For maximum redundancy, you should look for redundant circuits from different providers with different physical geographic pathways in Dothan, Alabama. This means that you should try to have the circuits come into you building from different sides. They would be on outside phone poles or underground conduits in different directions and leading to different places. Having redundancy in different physical directions can protect you if there is a serious incident at a data center or some accident that causes a regional circuit issue.
Although access to The net comes at a price, the price of unreliable access to The web is tremendous. Please consider these situations:
Is your organization on a cable modem? How many other tenants is your carrier servicing in your building? Are 14 other offices getting circuits? During organization hours, any of those tenants could be streaming video, performing massive file downloads, processing large volumes of phone calls and more. What will happen to your telephone calls as the amount of usable bandwidth decreases? What happens to the quality of that phone call? Will calls be cut-off? Inaudible (choppy) to your customers?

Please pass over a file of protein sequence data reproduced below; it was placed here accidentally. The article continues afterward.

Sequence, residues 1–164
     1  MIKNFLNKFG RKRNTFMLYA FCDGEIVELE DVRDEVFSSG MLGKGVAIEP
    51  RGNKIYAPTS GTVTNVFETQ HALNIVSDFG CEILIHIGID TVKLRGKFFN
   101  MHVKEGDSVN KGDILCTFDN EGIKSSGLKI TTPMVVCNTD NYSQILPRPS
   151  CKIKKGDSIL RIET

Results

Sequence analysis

Whether you are a law firm doing file sharing, an accounting practice sharing databases or a retailer operating a distributed point-of-sale system, your office is the hub for your enterprise. Every single one of your offices, stores and places rely on you and your primary Internet connection to retrieve data. What happens if your circuit crashes? Is it simply an irritation or a catastrophe? Can your satellite offices perform any work at all? Process new orders? Share essential information with anyone? It is important that prior to choosing a solution, you understand the true needs and requirements of your particular organization. You have a software company, and are running a hosted solution for dozens, maybe hundreds, of customers. Perhaps you operate a service where other systems speak with yours via an API to calculate freight rates, commodity prices, collect current weather data or receive any other information that you serve up. What if other systems can’t connect to your office servers? Will your customers remain loyal to you if they have to withstand multiple outages?